SalvageNet: Recovery

SalvageNet: Recovery is a first person exploration crafting game where you are tasked to locate and secure a cache of resources on a hazardous, foreign planet.

Project Highlights

Crafting Progression

Inventory System Design

Level Design

UI Design

Working on SalvageNet: Recovery

SalvageNet: Recovery was my first attempt at inventory and crafting systems and with me being new to the design and implementation of these systems, I decided to make the game revolve around this system. This project was also worked on in two different classes a year apart from each other. That makes this project a good demonstration of the development of my skills, as I was able to refine and improve many aspects of the game with my new insight.

Crafting Progression in SalvageNet: Recovery

The idea behind this game was to build mechanics in the world and use level design to limit crafting exposure and encourage exploration to expand the players reach. To use resource limits and how far out you can explore as a gauge of how far into the game you are. This setup also helps mitigate overstimulation through the crafting system, as gating potions behind tables and resources limit system exposure at any given moment. Goals given are direct, but the game does not try to tell you the best way to complete the tasks, as those organic decisions on how the player wants to approach completing the objectives are part of the fun in the game.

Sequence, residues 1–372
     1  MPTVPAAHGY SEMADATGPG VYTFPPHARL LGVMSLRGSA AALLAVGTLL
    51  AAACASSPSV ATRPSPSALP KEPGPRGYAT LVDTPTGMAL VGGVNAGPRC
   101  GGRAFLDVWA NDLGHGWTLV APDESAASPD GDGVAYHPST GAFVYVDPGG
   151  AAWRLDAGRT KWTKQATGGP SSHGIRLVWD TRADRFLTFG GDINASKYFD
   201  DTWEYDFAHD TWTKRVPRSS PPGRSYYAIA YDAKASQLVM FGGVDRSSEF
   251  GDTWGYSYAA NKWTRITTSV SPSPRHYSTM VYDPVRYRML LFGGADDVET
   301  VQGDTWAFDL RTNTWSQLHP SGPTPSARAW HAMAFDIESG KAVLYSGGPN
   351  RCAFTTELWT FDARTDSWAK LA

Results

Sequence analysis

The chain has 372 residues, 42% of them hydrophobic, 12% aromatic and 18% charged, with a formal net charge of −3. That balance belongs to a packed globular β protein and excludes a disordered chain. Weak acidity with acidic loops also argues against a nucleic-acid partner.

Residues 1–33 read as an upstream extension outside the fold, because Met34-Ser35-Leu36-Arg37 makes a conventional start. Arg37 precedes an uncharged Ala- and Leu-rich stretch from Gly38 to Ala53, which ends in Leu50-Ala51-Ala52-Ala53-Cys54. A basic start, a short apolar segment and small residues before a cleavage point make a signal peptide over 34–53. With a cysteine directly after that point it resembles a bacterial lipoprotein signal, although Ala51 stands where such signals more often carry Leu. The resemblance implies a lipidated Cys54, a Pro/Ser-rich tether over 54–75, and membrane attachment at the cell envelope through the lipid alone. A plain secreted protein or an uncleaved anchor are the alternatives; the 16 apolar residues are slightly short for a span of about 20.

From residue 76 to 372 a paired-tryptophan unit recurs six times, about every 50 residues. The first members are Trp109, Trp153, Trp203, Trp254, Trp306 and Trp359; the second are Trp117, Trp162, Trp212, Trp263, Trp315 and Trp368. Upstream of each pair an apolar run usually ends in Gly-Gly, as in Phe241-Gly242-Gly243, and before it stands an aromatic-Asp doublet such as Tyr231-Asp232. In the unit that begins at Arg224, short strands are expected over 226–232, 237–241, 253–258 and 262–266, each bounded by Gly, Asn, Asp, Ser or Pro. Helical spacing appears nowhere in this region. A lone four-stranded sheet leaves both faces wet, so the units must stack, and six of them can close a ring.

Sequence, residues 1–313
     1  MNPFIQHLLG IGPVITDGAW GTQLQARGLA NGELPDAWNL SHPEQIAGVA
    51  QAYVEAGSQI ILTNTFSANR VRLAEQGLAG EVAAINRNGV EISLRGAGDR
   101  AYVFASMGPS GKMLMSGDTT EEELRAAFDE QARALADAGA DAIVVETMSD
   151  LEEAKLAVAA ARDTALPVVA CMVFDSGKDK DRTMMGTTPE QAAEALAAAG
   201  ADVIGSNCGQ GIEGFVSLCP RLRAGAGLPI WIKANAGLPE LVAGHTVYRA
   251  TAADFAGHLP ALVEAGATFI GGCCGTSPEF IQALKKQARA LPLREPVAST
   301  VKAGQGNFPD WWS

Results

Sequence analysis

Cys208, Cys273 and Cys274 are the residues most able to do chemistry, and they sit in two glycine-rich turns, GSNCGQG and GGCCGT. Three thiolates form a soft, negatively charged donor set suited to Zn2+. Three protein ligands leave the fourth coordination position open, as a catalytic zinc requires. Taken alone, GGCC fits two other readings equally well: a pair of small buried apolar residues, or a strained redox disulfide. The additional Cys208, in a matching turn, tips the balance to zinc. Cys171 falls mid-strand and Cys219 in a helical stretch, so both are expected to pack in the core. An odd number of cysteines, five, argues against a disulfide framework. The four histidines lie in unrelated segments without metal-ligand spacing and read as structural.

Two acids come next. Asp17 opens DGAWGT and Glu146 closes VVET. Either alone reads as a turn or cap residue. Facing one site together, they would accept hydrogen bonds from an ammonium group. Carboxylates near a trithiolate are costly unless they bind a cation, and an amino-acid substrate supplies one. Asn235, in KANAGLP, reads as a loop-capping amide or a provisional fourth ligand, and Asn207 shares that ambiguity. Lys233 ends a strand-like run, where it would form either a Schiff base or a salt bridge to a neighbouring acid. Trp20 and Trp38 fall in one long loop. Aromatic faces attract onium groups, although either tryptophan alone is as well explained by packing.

I start by looking at my resources and final products and determine how valuable I consider those items to be. Items are then split into groups based on how strong they are with consideration put into memorable patterns and effect diversity, to make potions memorable and encourage unique playthrough, respectively. These groups are then set behind gameplay mechanics or crafting system limiters, giving player micro goals to complete while working toward their major goal. This gives players incremental motivation to keep them playing and exploring the system. Players can choose which potions they value more and seek those out if desired. A goal of the system was flexibility, so players could choose how they want to play.

While I think my approach to designing the system, the execution could have landed a little better. Some upgrades do not feel nearly as impactful as they should (gather speed) while other are way more useful (total oxygen). My original conceit needed 50 different items players could interact with, so complex mechanics were shelved to make sure those were all attained. More complex potions would be awesome though, giving players more diverse content than just stat changes. I also think this system could use some halfway currencies, something generic players could collect to spend how they want. This could help players feel like they are making progress with each trip, as the points can help mitigate bad luck.

Inventory System Design in SalvageNet: Recovery